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Catalog — The Confessions of Mlle. G.

The Drawing Center — Drawing Paper nº10 —, Essay by Michael Rush, 2000

This for a moment of the following masterworks: Caravaggio’s Entombment, Zurbarán’s martyred Saint Serapian, and Bernini’s St. Teresa of Avila in Ecstasy. In each of these, a revered figure is shown in a moment when breath has either passed forever or has ceased momentarily in rapture. These apparently lifeless forms are draped in the cloth of the dead or of their religious habits. Even without the bodies they wrap, these cloths become backdrops for light shows: shadows and highlights emerge and disappear across painted or sculpted surfaces. In the cloth are revealed both life and death; the light and darkness that preceded the body and will survive it.

Margaret Evangeline’s extensive range of work invites such associations. Often, especially in her paintings on aluminum, she represents the blood of passion and death shed by women throughout history. Historically, women were not supposed to expose dramatic eroticism. If they did it had to be cloaked in the language of religious ecstasy. Only in the body of Christ should women find their desires fulfilled. The sorry Mlle. G, the subject of Evangeline’s paper installation, had no such piety.

Presented to the members of Paris’s Medico-Psychological Society in 1845 by a Dr. Baillarger as a case study of “erotomania,” Mlle. G. (robbed of her name in history despite her complete devotion to the spewing forth of her erotic imagination to anyone who would listen) is described as “spending her day lying on her back, her legs spread and bent at the knees, the only position she can tolerate because as soon as her thighs are touching she feels a fiery heat in the genitals, followed immediately by extremely intense sensations and the venereal spasm. Her bed sheets even aggravated her genital heat.”

Evangeline’s commemorative bed, thanks to the steadfastness of the interleaving paper (the kind reserved for special edition books), appears as if Mlle. G. has just left it for a moment. Frozen in time by the furious gestures Evangeline used to create the rumpled bed sheet effect, the young woman’s presence is eerily intact. The layers and layers of paper are folded with the secrets history has kept to itself about Mlle. G. Reduced to a case study, her story is incomplete. Her side is untold until now, perhaps, as each of us brings our imaginings to her bedside, offering her the attention and compassion deprived her by the scientific diagnosticians who judged she “had been driven insane by a desire in her genital parts.”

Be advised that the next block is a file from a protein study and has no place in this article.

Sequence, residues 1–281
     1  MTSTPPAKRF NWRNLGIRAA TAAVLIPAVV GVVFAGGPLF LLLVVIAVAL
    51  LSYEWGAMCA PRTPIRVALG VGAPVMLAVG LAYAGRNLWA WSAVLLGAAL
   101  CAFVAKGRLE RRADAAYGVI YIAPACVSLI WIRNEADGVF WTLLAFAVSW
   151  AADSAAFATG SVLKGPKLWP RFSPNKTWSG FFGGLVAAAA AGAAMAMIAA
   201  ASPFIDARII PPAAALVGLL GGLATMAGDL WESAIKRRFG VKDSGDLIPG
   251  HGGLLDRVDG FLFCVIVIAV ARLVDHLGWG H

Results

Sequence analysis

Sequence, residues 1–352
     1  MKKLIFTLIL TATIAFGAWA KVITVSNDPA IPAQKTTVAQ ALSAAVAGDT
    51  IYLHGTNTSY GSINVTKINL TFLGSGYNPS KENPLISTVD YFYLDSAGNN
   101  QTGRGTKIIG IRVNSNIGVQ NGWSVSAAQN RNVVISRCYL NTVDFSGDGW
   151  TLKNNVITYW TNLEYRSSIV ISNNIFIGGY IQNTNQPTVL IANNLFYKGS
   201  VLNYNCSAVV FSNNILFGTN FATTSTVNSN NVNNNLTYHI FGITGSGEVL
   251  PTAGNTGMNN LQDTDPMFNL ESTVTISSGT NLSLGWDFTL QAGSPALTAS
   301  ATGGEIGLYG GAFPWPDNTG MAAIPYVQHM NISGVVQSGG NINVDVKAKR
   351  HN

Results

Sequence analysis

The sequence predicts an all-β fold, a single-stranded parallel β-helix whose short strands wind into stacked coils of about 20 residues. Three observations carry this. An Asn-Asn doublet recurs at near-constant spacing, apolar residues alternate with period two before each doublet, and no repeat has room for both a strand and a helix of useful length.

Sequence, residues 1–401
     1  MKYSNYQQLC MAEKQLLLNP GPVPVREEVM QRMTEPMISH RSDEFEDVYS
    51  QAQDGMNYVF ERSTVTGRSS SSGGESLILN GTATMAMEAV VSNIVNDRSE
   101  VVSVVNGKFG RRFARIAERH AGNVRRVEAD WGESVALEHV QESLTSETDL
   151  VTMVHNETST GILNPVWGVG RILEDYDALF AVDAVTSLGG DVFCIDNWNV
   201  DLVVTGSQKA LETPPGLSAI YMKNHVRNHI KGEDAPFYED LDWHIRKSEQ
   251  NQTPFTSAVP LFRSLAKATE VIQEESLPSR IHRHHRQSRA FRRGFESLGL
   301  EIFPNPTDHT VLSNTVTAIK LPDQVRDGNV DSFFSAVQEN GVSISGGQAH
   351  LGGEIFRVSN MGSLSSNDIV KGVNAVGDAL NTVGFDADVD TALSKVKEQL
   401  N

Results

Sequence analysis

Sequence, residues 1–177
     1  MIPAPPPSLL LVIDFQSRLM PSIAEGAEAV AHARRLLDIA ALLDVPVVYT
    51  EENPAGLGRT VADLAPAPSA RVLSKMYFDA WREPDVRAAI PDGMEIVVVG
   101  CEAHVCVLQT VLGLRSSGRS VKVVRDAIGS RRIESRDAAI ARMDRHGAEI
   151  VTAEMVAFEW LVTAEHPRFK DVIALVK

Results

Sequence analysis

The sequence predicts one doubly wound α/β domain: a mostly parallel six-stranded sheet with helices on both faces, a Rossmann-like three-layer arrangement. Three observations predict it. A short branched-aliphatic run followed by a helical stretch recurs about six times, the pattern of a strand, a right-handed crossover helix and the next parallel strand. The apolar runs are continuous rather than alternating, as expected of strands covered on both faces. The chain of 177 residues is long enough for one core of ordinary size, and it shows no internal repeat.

The fragile silence of this installation (if you rolled on it, you’d make it quite a racket) reminds us of history’s forgetfulness. How many women, aflame with desire but cosseted by cultural decorum, lay on beds that yielded no pleasure? For every hospitalized Mlle. G., how many young women, not “born of an insane mother,” as she reportedly was, harbored similar fantasies that went unexpressed? Evangeline treats the surfaces of the paper as repositories of memory. She inflicts torch burns that speak of both the heat of desire and the scorching of self in erotic as well as mystical love. In similar fashion, she leaves clues in the gentle uneven lines of blue she paints in odd places on the paper. Only visible through probing, these marks of color (blue, mind you, not red, as might be predicted) suggest a tranquility beneath the rage, a sense of knowing on Mlle. G.’s part, that she’s not as crazy as her caretakers think, just desirous. The play of light and shadow in the creased paper offers further texture to the extremes of emotion presented here.

One can readily see why Evangeline reaches back into the lives of fearless women, whether saints, monarchs, or misunderstood mental patients, to extract from their focused desires, metaphors for her own passionate involvement with her art. She understands the dissolving of the self in mystical and erotic union, physicalizing it through these subtle burns. Like other artists of her generation she is concerned with the body and with gesture that links the work of art to the motion of the artist. For Evangeline, however, her sense of the physical is joined to extensive historical and personal investigations that bespeak a profound connection to human (particularly female) history and longing.

Michael Rush, Writer and art critic based in New York, 2000